NYC Wins Second Place in “Who’s Next for a Hurricane?” Competition


Guess who’s overdue for a hurricane? Yep, we’re lookin’ at you, New York. So what if we didn’t make the rich and single list? We’re number 2 out of the Weather Channel’s “Top 5 Hurricane Vulnerable & Overdue Cities”! Hurricane expert Dr. Rick Knabb says, “It is a matter of when, not if, these areas are struck next.”

Geez, way to think positive! Anyway, since the hurricane will logically have to hit city number 1 (Miami-Fort Lauderdale) first, we can wait it out and pack our shit after that happens, right? Miami’s, like, a three-hour flight away from us.

Cities coming in third, fourth, and last place: Tampa Bay, Savannah, and Atlantic City.

If a hurricane did (or does) hit New York — and they have before, but none have done major damage since the Great Hurricane of 1938 — it’s thought that New York’s major bridges “would experience hurricane force winds well before those winds were felt at sea-level locations,” meaning those escape routes — as well as ferries — would have to be closed early. A storm surge prediction program in 1998 estimated that in a category 4 hurricane, JFK would be under 20 feet of water, and water would pour through the Holland and Brooklyn-Battery tunnels and into the city’s subways throughout lower Manhattan. The report did not estimate casualties, but did state that storms “that would present low to moderate hazards in other regions of the country could result in heavy loss of life” in the New York City area.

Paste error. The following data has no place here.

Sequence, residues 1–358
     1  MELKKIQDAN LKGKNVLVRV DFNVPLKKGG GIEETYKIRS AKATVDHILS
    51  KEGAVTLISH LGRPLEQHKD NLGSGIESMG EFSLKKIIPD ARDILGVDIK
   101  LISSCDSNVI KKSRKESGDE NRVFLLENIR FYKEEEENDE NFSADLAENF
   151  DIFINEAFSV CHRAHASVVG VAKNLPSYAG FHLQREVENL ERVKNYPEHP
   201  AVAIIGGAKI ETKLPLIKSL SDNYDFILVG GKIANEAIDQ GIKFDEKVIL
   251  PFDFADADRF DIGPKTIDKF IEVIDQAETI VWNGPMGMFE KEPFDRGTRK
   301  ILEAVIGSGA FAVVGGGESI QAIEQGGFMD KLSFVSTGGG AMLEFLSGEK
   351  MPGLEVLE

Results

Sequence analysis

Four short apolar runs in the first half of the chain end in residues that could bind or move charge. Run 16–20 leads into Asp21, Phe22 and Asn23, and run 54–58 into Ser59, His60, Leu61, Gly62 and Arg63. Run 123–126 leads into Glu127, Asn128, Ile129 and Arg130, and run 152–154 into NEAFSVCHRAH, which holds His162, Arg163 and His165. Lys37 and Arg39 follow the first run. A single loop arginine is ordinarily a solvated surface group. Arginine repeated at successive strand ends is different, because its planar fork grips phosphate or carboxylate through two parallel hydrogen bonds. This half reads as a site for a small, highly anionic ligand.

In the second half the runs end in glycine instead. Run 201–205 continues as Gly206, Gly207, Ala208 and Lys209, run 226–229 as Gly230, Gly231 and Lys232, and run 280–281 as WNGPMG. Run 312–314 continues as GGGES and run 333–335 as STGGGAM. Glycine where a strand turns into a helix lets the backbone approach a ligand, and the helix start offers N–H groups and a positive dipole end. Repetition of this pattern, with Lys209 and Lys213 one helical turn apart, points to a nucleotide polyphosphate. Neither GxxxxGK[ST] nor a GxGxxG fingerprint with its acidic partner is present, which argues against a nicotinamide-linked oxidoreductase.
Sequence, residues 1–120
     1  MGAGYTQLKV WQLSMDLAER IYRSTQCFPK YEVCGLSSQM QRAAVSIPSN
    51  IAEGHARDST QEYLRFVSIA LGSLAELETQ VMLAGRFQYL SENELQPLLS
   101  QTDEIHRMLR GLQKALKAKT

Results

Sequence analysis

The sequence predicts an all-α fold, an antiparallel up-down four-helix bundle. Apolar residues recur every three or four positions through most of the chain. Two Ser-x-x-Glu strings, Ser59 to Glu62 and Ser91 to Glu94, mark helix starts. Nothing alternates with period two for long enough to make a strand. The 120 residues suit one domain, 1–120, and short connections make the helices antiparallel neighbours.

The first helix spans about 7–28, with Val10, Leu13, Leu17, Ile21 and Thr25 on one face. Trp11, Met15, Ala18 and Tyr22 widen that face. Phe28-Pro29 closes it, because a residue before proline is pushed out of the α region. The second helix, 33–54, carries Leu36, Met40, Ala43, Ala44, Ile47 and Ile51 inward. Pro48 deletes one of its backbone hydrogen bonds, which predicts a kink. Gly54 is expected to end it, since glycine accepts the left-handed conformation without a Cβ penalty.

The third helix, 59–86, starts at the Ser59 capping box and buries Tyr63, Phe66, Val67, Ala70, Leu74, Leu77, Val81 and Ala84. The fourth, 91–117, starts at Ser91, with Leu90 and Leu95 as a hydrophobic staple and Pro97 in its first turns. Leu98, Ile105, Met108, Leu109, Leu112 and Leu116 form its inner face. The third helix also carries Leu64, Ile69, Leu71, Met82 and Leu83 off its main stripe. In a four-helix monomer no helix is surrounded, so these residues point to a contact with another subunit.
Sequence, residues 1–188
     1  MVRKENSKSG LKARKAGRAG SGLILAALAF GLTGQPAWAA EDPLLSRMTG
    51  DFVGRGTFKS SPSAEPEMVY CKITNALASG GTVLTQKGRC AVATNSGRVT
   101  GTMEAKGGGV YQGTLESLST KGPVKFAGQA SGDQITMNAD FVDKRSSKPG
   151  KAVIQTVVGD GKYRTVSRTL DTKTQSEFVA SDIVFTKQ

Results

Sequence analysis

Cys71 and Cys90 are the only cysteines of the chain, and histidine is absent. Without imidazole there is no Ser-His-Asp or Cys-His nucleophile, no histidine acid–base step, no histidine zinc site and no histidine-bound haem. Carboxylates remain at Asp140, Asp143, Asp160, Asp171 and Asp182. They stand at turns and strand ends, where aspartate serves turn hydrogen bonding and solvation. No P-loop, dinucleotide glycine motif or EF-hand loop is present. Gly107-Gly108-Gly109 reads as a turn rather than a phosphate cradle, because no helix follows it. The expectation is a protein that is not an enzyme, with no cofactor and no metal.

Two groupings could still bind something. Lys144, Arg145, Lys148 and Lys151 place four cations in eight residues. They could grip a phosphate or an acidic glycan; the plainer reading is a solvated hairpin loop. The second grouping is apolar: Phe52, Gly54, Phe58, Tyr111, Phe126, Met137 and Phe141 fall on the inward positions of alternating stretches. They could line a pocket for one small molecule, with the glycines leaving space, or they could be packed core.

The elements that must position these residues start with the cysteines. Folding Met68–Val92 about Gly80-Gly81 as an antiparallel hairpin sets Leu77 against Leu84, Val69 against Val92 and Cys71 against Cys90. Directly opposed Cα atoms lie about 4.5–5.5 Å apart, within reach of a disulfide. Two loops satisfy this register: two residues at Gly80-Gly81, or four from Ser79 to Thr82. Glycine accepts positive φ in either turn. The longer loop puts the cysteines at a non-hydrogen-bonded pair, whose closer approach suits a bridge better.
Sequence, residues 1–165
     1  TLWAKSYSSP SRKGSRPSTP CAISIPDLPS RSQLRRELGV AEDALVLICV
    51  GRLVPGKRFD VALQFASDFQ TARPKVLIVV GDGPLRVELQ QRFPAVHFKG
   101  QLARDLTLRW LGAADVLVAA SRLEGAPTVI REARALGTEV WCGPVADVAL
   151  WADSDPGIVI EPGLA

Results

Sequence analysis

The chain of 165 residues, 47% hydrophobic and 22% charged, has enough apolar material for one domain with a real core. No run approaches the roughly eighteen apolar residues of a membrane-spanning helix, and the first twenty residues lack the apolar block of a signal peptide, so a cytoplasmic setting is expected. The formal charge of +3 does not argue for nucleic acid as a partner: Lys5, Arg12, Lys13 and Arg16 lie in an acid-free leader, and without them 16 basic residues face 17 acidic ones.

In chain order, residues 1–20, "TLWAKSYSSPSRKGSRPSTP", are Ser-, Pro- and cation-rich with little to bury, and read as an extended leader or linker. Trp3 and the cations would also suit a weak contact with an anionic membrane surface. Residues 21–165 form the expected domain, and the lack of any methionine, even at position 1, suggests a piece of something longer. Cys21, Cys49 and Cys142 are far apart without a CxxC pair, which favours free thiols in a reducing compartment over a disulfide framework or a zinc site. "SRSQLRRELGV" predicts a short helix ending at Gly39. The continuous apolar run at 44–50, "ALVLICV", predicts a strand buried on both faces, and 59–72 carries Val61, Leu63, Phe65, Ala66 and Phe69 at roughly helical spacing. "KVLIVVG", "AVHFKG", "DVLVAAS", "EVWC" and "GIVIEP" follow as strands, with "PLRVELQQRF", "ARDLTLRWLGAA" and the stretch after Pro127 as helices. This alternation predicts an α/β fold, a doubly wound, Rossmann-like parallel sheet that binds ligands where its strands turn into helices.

If you are in a hurricane, the number one tip is: Don’t be an asshole. Stay inside, away from windows. Do not “get ballsy” and run around outside taking pictures and video and then get on Twitter and brag about it! No one wants to see your super-awesome hurricane montage set to “Poker Face”; we’re all busy hanging out in our basements/storm shelters (what are those?) and surviving on canned goods. Plus, you could hurt yourself!

Refer to “10 Ways to Prepare for a New York City Blackout” for more handy tips regarding natural, manmade, or self-induced crises.

Here’s some more info on what a hurricane might do in New York, in case you don’t appreciate our jokey tone. Hurricanes, you can suck it.